We have the rugged individuality theme that essentially tells us if we think we are a special individual and can show it, then we are and that we will make it (whatever “make it” means).  This theme tell us all that we all should be self-sufficient individuals--that is the true ideal and sign of making it.

We also have the rags to riches motif which blends these two ideas together saying that with gumptions, determination, and a bit of luck, we can go from rags to riches.  That was made famous by Horatio Alger’s dime novels but still permeates our our stories today.  

These ideas swirl together and find their ways into our stories so that inevitably, the “no ones” will become, not only someones, but really important peoples.  

And see, the thing is, even if the character, the self-proclaimed “no one” doesn’t see it.  We as observers know it.  When Luke says he’s a farm boy or Vanessa says she’s no one.  We see it.  We are standing outside his/her story and knowing that many factors have contributed to them being anything about no ones.  We also know, because of the way that stories work, they are likely to succeed.  

Will it be easy?  No.  Will they have to overcome obstacles?  Yes!  Will they have to make real sacrifices?  Without a doubt.  Should they celebrate their victories?  You betcha!  

But, as we sit and watch as outsiders, we also know that the game was already in their favor.  They were already chosen, they already had the power, they already had the ability.  The story’s purpose is just to unlock that.  Again, they have to work at it but they also have powers and resources that we know will get them there; the story is set up for them to succeed. In fact, the story is set up just for them to succeed.  Other characters, won’t fit the bill.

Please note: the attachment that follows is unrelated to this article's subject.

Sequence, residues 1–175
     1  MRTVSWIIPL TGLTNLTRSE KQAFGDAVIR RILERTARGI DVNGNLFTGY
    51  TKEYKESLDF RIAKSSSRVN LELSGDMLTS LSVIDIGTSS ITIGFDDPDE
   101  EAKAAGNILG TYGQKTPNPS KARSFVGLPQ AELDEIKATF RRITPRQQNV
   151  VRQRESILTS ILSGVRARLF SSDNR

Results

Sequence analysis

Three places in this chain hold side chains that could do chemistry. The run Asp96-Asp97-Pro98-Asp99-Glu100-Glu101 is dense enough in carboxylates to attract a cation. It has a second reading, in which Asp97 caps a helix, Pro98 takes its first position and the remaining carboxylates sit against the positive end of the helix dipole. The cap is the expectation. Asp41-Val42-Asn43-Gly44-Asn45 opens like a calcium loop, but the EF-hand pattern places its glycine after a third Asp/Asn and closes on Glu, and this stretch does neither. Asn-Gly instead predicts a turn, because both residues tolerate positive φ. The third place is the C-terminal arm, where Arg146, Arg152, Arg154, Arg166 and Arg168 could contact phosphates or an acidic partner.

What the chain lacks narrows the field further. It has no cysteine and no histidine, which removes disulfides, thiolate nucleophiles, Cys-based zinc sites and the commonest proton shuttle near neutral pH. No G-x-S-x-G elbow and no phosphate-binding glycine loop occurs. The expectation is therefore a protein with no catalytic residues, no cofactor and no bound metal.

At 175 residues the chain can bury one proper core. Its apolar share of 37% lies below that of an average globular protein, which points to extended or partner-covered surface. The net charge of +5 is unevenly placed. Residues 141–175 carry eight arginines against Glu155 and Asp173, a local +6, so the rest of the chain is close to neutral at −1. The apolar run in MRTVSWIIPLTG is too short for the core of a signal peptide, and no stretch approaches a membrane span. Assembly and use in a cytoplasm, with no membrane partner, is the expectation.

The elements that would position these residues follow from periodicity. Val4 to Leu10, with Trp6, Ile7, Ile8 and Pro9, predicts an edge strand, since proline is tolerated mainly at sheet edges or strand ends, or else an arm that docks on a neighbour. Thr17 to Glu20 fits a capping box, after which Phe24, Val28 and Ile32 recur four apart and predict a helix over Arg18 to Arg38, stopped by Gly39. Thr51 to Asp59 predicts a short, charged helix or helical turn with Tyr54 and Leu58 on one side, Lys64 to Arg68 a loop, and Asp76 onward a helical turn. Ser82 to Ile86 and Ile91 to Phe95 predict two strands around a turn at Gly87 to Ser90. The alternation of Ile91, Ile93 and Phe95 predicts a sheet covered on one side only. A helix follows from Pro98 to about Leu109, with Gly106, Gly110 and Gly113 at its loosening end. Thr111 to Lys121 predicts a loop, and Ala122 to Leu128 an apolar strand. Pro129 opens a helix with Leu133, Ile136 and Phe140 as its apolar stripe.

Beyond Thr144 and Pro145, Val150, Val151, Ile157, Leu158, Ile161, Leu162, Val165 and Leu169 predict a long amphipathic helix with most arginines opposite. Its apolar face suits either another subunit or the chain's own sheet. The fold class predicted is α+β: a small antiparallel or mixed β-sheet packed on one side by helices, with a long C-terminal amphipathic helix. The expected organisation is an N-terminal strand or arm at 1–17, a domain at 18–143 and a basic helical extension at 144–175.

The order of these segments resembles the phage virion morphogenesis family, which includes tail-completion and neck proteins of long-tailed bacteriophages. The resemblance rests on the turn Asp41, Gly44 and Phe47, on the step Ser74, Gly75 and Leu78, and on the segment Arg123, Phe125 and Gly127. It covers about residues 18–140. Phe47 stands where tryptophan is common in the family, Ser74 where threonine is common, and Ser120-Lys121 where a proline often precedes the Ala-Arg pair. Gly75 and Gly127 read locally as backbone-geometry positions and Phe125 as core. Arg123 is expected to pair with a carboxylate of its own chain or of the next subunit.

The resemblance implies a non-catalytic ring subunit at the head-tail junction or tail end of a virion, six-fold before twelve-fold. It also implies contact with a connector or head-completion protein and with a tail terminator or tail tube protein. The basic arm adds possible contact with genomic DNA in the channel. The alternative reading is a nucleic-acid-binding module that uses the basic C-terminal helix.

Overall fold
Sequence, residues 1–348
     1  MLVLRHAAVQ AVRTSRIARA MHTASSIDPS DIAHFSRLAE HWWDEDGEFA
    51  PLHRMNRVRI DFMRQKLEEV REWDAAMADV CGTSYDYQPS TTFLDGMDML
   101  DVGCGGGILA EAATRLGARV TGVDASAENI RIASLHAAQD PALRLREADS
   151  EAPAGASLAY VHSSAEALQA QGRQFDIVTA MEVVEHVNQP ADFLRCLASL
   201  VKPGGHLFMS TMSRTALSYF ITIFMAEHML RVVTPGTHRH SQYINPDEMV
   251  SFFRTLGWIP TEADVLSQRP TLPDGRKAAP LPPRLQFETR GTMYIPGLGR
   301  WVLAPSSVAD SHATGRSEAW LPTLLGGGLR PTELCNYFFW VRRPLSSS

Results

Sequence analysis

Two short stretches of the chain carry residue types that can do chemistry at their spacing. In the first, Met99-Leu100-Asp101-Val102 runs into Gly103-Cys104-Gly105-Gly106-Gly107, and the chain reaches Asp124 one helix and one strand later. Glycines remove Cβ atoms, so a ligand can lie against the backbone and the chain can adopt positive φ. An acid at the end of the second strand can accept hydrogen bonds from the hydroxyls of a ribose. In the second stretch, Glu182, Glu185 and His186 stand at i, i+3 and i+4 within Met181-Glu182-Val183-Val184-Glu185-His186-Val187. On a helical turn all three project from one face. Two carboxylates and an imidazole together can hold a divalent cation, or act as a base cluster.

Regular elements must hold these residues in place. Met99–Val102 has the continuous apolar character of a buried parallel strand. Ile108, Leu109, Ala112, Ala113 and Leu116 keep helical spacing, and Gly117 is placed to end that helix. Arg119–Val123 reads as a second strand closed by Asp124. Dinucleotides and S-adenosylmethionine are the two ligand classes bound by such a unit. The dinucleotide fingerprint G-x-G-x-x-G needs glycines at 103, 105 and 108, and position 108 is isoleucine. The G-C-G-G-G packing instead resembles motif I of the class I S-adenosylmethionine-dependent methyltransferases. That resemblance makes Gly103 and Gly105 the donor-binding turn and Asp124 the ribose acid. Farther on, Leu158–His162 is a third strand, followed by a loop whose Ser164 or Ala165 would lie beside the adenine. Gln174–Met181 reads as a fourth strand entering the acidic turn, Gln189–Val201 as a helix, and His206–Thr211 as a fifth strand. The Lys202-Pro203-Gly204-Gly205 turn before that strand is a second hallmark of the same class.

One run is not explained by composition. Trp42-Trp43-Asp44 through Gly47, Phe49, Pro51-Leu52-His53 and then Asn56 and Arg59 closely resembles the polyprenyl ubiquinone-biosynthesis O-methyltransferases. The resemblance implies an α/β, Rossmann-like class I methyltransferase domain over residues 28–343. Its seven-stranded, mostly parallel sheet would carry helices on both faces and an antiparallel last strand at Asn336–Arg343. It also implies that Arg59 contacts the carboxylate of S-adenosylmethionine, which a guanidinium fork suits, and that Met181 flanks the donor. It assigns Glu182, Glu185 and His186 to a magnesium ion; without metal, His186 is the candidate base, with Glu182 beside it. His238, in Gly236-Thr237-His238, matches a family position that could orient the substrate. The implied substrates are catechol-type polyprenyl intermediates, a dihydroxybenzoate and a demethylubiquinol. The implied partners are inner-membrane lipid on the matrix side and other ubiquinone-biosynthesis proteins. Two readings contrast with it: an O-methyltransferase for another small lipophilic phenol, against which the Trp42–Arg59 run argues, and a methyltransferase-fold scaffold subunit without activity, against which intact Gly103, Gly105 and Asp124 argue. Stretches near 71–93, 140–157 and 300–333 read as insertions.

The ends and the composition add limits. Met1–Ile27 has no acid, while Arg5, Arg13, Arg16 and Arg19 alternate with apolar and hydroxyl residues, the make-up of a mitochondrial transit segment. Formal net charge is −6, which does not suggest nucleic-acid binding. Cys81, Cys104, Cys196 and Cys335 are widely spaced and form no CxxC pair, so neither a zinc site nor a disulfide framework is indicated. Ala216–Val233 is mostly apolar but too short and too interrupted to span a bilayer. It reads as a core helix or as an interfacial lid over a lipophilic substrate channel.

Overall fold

So why am I interested in talking about this.  Well, I want to connect this idea of the “no one” hero to our cultural concept of privilege.  Now, many white folks or other people of privilege have trouble understanding what it means.  It means, you are that “no one” in the story.  You have challenges and obstacles to overcome, but you also are imbued with things that you don’t realize that are there to help you overcome it.  

When we talk about privilege, we’re talking about the way the systems work and often set up certain groups to succeed and others not to.  We see privilege operating in many different ways--it operates along racial, ethnic, economic, linguistic, social, gender, sexual, sexuality, ability, age and many other ways.  Privilege can be a result of intersectional identity elements.  

So, for instance, I’m a white middle class male, born of white middle class parents--shocker, I know.  Those pieces meant that more doors were open to me and I was perceived as less of a threat in our culture.  

So, growing up--even though I was a troublemaker--I was often given the benefit of the doubt whereas people that might not have been white or middle-class may not have been as lucky and when they got caught shoplifting, they were reported to the police instead of reported to parental figures.  

In that way, I think the “no one” storyline works really well as a effective tool to help understand what privilege looks like.  In all of these stories, the characters perceive themselves as “no one”--but in the right context--that is, the story--they actually have way more ability than they realize.  

So that’s my thought for today in pop culture.    All right, that’s all for today.  What do you think about this idea of “no one” characters as an illustration of understanding privilege in our culture?  I’d love to hear your thoughts or if you have other good examples!

In general,  I’d just love to hear from you about the show!  So, please post them in the comments below or hit me up on Twitter-- @leaton01

See you next week!  Keep watching; keep thinking!